Here, we have used a variant of a recently validated mouse model of stress-induced anhedonia [45, 46]. Anhedonia, a decreased ability to experience pleasures, is a core symptom of human depression , which in rodents is regarded to be reflected by a decreased intake of sucrose or other palatable solutions [48, 49] and is reversible by antidepressants [5, 50, 51]. In the paradigm employed here, anhedonia, which is defined as a decrease below 65% in sucrose preference over water, occurs in a subgroup of animals. The anhedonic group, unlike the non-anhedonic group, exhibits increased floating in the forced swim test and disruptions in novelty exploration, contextual learning in the step-down inhibitory avoidance test and LTP in the CA1 area of the hippocampus. Furthermore, the anhedonic group also displays changes in EEG sleep patterns correlating to those seen in depressed humans. Chronic treatment with citalopram and imipramine counteracts the manifestation of stressed induced depressive-like traits in mice [45, 52–54]. In this study, a 10-day stress protocol comprises of night time rat exposure and day time application of social defeat. Induction time of anhedonia was considerably shortened by the dual application of stressors, each of which was shown to effectively induce a hedonic deficit [15, 46]. Intraperitoneal administration of DS at 25 mg/kg/day for 7 days was chosen since the same treatment was found to induce neurochemical alterations and beneficial behavioral effects lasting up to at least two weeks . As a reference, the tricyclic imipramine (7 mg/kg/day) was delivered via drinking water 1 week before the onset of stress and throughout the entire stress procedure in accordance to a previously validated protocol . Separate studies using the same model as the current study showed that one-week pre-treatment with daily intraperitoneal imipramine injections (15 mg/kg/day) in CD1 mice significantly attenuated stress-induced changes in the sucrose and forced swim test as compared with vehicle-injected animals .
Animals and housing
For the chronic stress experiment, we used male CD1 mice, widely used in behavioral, biochemical and molecular research. Male mice (age: 3 months) were purchased from Charles River (Sulzfeld, Germany). Ten days before the behavioral experiments, mice were housed single-caged under a reverse 12 h : 12 h light–dark cycle (lights on: 21:00 h) in standard laboratory conditions (22 ± 1°C, 55% humidity, food and water ad libitum). All experiments were carried out in accordance with the European Committees Council Directives and had been approved by the Animal Experimental Committee of Claude Bernard University of Lyon and the Animal Ethical Committee of the University of Maastricht.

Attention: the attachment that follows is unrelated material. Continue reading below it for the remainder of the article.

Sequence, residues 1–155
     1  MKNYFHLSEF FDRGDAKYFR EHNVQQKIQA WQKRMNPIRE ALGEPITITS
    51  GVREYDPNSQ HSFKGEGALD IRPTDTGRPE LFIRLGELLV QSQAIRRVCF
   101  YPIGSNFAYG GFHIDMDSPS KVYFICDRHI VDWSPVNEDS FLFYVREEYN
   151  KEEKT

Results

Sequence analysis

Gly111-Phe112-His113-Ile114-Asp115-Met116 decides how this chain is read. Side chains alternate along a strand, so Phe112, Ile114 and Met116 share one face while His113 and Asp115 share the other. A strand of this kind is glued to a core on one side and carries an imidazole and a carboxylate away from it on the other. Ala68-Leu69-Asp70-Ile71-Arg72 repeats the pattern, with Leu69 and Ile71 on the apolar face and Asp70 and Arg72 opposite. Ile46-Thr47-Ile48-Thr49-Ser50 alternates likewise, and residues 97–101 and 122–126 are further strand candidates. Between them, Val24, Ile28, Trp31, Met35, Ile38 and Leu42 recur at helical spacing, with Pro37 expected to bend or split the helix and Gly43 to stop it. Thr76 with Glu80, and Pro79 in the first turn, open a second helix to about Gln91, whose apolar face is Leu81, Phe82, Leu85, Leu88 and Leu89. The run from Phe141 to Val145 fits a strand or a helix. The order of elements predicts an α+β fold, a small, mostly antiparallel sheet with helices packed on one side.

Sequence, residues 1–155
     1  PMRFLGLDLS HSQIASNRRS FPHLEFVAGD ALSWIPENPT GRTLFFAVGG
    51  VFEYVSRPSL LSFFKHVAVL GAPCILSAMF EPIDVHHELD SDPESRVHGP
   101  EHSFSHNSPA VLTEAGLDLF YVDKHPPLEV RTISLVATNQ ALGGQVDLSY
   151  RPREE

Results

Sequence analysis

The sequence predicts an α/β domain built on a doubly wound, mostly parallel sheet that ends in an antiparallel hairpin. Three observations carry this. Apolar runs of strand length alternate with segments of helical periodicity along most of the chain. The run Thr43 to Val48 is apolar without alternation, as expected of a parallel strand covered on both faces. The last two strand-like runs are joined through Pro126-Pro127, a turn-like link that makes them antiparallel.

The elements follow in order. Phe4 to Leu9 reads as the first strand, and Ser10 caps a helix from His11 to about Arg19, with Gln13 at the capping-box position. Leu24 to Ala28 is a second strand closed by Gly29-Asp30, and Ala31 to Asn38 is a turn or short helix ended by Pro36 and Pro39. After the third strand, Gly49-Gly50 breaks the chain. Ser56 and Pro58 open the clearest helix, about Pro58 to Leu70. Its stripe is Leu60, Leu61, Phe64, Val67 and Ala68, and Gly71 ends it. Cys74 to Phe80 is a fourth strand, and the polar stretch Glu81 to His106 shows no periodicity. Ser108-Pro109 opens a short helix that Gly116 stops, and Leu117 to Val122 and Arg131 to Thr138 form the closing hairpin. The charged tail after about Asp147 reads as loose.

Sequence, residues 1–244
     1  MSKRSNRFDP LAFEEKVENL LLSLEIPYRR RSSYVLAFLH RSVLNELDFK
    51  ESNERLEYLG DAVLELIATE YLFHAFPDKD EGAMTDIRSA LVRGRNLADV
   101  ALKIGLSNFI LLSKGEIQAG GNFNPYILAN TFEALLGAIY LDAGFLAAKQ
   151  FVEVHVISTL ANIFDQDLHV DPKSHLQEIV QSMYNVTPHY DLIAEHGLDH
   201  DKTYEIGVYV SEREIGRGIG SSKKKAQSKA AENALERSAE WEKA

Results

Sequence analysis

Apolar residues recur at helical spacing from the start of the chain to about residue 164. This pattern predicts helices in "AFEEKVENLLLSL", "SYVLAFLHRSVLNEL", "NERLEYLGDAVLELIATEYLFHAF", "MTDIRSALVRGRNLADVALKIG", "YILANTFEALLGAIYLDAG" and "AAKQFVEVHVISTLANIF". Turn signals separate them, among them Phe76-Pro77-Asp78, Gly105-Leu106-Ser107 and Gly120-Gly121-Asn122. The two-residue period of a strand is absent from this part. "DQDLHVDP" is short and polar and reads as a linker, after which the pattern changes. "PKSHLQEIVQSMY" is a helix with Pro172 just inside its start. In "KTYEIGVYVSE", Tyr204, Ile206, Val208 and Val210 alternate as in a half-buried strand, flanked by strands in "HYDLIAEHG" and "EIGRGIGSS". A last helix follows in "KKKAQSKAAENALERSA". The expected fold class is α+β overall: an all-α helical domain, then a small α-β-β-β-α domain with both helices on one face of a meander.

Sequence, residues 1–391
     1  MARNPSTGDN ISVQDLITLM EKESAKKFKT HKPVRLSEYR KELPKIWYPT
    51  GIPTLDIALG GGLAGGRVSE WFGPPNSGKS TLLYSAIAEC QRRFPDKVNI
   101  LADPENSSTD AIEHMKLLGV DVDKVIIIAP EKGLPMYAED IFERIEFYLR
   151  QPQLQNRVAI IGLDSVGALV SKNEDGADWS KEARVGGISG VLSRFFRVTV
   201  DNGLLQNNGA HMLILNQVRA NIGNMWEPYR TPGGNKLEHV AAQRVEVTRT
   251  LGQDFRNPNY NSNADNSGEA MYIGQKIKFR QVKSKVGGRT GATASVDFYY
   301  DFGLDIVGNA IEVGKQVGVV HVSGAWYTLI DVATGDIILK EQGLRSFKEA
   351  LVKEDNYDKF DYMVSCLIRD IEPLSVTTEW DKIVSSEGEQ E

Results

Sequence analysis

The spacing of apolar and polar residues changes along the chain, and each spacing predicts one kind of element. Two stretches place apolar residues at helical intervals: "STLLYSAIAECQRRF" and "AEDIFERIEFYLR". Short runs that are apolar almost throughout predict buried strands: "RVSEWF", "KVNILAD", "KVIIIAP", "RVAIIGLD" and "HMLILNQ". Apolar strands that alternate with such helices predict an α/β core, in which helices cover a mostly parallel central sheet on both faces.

General conditions of experiment
The current reference antidepressant treatment was selected because of its maximal effects in lowering the rate of stress-induced anhedonia over other methods of delivery and doses of antidepressants [53, 55]. Previous experiments revealed a weaker effect of one-week antidepressant pre-treatment with daily i.p. injections of imipramine (15 mg/kg/day) in CD1 mice for stress-induced depressive-like changes . DS was administrated during 7 consecutive days preceding chronic stress. Additionally to baseline measurements, sucrose consumption tests were performed after 7 and 10 days of the chronic stress procedure (see Rat exposure while in a small container, Social defeat stress); animals were weighed weekly during the study and at the end of the stress protocol. On day 2 after stress, animals were tested in the dark/light test; on days 3 and 4, step down avoidance test was performed. Five days after the termination of the stress procedure, mice were tested in the forced swim test (see below) and on the next day sacrificed for gene expression analysis (see below; Figure 2).
Chronic stress experiment
The chronic stress procedure lasted 10 days (Figure 2). Each day, stressors were used in the same sequence: between 18.00 and 9.00 rat exposure while in a small container was applied. 30-min sessions of social defeat were employed twice daily between 11:00 and 16:00. An inter-session interval between the application of two social defeat stress sessions and between social defeat and rat-exposure procedures was at least 2 h.
Rat exposure while in a small container
Mice were introduced to transparent glass cylindrical containers (15 cm × Ø 8 cm) and placed into the rat cage (15-h exposures were performed between 18.00 - 9.00).
Social defeat stress
Social defeat procedures took place during the dark phase; to enable a visual control over the resident-intruder confrontation, the test was carried out under red light. In a preliminary test, aggressive individuals of the CD1 mouse strain that were able to attack the counter-partners in less than 60 s without injuring them were selected for this procedure similar to commonly used protocols of social defeat stress [56, 57]. These animals were introduced in the home cages of mice from the stress group during social defeat sessions, deviating from originally proposed paradigms of social defeat  but broadly used in a variety of experimental situations [57, 59, 60]. Social interaction was set up in the home cage of stressed animals as it enhances the impact of the stress procedure in a lasting manner. In a variant procedure, a defeated animal is left in chronic contact with the olfactory cues of the aggressive intruder, such that exposure to a psychological stressor is chronic although the actual agonistic experience is intermittent. Average duration of each session was 30 min in accordance with commonly used protocols [58, 60]. During social defeat stress, test mice typically showed flight response, submissive posture and vocalization. Pairs of animals were carefully observed in order to exclude any physical harm. In rare cases of its incidence, aggressive individuals were immediately removed from the cage of resident mice. Total duration of social defeat stress was 10 days, congruent with previously published studies that were using aggressive CD1 mice [53, 55].